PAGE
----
May Day can only be red-letter day

Time Out New York wants to sell magazines, so it's virtually impossible to find anything on their website, but the print copy reminded me today of the remarkable history of May 1 as a world holiday (except in the U.S., of course), so I owe them a credit even if they make me type the entire story myself. The piece is amazing for its Left-radical slant, although any other would hardly be possible in talking about the history of May Day.

It's nearly May 1, and America's least popular holiday next to National Boss Day is upon us. May day originally began as a pagan celebration, marking the arrival of spring. Toward the end of the 19th century, however, the holiday took on a serious socialist flavor. Maybe that's why May Day - popular in the rest of the world - never caught on here. (Hallmark doesn't print a single card for it, and the company makes a whopping 100 different designs for an obscure October "holiday" called Sweetest Day.) Following a strike by American workers for an eight-hour working day, the 1899 International Socialist Congress officially established May Day as the holiday of the workingman. The day was always marked by large military parades in Communist countries. (The American government, paranoid entity that it is, moved to counter in 1947 by designating May 1 "Loyalty Day." Hallmark doesn't make any cards for that, either.)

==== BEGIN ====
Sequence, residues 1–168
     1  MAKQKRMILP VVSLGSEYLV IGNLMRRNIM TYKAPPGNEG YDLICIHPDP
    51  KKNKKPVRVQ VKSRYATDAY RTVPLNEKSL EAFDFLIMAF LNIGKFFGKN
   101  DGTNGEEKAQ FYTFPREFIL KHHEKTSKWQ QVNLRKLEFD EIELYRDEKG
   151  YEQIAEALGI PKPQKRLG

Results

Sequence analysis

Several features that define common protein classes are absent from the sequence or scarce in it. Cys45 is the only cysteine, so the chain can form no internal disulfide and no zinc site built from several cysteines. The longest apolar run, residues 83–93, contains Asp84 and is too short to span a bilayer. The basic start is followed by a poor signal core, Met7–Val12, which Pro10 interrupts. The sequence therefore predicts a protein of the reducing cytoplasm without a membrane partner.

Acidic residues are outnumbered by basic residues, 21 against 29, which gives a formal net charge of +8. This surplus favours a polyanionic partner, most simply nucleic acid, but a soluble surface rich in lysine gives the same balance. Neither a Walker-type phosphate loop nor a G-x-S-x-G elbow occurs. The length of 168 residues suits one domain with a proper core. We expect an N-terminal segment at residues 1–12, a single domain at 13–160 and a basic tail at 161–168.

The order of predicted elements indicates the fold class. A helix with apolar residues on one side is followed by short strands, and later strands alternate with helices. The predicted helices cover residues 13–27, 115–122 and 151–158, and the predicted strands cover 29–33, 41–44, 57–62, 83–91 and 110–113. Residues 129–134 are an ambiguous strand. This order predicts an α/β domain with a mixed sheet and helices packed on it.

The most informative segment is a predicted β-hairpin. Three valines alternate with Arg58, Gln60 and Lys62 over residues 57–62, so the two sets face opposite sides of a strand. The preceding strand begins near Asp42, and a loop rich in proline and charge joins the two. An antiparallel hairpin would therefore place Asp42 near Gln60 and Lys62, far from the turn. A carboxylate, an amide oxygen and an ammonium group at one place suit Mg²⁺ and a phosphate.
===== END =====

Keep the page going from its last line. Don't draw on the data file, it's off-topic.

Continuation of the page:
And for your further edification, "Mayday" - the distress cry of pilots - has nothing to do with spring, socialism or holidays. It's simply an English bastardization of the French m'aidez, which means "help me!" - Reed Tucker